“We’re both obsessed with the brain, longevity, and building a brighter future through technology,” Bilyeu said. “Steve has a deep passion for sci-fi and technology. It literally pours out of him. You can hear it in his music, see it in his stage shows, and feel it in charitable activities. It’s part of who he is at the deepest level.”
Aoki’s passion for sci-fi is a big reason why Impact Theory chose Neon Future as its debut title. “We have a superhero project in development right now with the working title Twins that I’m super excited to unveil,” Bilyeu said. “Coming out of the gate though, we wanted to really show the world what we’re capable of. Sci-fi lets us explore relevant themes of culture, technology, and where we’re headed as a species at a much deeper level than any other genre.
Aoki said his obsession with futurism and science goes all the way back to his childhood. His love of tech and science has always been a part of his music — witness his music video for the title track of Neon Future, the album. When he decided to make his foray into comics, he took the same meticulous approach that has made him an international music star.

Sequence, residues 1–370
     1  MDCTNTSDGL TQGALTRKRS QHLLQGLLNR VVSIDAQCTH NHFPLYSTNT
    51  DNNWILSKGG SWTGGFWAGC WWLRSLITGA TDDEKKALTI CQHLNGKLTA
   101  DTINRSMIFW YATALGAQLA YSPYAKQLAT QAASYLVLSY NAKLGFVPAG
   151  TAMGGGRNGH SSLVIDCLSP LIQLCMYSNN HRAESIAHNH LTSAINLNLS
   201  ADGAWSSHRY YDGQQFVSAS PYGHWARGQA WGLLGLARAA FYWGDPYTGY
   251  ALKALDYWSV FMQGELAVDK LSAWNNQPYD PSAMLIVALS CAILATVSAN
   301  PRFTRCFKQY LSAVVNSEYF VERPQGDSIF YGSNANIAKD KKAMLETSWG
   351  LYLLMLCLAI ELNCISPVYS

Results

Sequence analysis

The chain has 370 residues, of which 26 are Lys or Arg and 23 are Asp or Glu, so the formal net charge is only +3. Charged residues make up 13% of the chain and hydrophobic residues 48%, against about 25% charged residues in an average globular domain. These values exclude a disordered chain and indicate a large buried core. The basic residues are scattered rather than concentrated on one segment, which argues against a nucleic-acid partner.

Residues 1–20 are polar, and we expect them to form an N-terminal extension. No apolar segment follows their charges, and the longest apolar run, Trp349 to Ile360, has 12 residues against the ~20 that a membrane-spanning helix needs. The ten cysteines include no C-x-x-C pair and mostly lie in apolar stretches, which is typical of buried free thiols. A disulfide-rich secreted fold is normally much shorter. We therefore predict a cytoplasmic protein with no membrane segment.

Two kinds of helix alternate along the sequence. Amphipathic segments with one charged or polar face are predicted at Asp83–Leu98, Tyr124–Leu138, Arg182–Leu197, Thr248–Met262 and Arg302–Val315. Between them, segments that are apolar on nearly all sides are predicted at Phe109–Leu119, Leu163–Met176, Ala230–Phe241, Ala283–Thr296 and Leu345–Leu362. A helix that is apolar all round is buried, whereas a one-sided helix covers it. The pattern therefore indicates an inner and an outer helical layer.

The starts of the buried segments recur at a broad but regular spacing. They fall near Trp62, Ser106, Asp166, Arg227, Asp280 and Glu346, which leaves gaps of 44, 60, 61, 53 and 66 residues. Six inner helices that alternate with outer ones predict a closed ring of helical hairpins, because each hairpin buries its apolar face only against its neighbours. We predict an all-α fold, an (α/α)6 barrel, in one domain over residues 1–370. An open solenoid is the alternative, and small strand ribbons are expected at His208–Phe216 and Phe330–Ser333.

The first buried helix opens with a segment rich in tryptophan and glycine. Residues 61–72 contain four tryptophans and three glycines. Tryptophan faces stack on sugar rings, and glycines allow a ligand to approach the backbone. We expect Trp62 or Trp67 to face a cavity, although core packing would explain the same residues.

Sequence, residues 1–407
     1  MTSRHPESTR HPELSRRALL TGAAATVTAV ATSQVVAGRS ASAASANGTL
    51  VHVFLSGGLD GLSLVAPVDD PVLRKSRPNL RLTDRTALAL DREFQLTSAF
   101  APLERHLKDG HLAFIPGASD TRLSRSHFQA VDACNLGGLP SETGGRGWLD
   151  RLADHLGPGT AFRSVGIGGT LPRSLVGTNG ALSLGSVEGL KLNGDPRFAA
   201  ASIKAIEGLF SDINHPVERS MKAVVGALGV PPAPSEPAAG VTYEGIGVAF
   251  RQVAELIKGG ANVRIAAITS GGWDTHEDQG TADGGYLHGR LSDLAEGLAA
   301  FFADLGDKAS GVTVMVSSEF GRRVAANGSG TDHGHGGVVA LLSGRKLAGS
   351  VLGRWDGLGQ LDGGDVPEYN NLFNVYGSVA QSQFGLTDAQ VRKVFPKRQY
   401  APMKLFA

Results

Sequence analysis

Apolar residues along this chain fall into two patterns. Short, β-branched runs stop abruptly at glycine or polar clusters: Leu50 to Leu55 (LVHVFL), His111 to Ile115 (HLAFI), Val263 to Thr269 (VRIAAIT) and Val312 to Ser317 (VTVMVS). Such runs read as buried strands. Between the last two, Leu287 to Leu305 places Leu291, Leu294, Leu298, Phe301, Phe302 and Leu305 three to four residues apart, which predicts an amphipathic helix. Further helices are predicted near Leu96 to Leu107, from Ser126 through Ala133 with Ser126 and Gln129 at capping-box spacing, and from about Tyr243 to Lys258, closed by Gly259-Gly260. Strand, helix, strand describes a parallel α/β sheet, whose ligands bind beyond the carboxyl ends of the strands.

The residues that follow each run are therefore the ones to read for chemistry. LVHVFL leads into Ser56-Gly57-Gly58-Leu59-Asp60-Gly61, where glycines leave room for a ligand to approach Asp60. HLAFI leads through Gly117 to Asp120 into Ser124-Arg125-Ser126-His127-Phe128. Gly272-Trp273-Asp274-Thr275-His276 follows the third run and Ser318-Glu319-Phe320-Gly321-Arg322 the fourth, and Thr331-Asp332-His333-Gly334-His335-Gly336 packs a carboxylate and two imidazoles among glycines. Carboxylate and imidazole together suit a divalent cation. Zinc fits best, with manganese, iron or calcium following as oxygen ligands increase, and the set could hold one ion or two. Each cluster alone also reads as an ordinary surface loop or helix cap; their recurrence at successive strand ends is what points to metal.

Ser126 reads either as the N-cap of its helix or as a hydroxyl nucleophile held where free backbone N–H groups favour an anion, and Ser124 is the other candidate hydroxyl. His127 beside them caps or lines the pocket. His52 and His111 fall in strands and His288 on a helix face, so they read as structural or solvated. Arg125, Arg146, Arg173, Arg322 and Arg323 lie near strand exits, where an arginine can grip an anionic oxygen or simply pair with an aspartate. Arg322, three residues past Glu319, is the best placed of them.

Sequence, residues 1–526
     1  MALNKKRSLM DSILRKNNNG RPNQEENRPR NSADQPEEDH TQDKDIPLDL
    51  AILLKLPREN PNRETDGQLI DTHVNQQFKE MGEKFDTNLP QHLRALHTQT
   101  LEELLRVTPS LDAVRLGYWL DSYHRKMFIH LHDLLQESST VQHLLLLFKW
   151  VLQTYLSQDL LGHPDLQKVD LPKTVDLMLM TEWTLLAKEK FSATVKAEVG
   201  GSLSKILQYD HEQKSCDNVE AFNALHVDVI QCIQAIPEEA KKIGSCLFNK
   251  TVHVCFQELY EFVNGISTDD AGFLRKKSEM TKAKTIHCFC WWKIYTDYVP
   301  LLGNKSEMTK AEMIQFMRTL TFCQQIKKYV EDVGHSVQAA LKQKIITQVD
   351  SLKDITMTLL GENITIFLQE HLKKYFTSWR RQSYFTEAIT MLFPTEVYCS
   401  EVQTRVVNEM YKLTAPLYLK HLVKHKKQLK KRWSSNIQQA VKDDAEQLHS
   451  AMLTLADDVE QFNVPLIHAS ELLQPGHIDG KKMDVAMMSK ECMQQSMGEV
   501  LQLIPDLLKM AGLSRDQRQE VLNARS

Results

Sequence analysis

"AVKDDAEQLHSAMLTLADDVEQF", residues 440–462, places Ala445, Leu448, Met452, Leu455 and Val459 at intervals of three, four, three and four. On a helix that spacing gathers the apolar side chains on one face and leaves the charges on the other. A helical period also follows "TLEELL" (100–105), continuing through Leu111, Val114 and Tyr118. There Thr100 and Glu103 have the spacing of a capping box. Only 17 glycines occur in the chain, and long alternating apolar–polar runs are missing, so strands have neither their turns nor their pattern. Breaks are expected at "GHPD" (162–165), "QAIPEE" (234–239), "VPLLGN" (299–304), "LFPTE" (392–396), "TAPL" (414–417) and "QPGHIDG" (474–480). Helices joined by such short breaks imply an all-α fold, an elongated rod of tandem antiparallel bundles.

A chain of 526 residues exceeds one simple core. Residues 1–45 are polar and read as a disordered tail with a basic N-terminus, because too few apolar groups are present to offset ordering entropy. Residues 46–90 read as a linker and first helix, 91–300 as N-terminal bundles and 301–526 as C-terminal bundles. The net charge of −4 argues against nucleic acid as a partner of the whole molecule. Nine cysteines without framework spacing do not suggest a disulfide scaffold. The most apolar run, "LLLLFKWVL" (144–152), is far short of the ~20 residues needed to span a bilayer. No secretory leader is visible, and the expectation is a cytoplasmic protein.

“It’s the same way I treat my albums. I worked on my new album, Neon Future III, going on three years now,” Aoki said. “Holding some of these songs which are so precious to me in the vault and not sharing them until they’re ready — it’s trying and it’s tough. Now, with the comic book version of what Neon Future means to me and how we’ve developed it, it’s very exciting to finally put it out there.”
During our exclusive chat with Aoki, he talked in detail about his fascination with science and tech and the role both play in shaping humanity’s future. He also explained why he’s proud to be a techno-optimist and why he is hoping to get a chance to become a cyborg (not a joke). Read the interview below, and then check out the time-lapse video of Kim Jung Gi creating his absurdly detailed variant cover.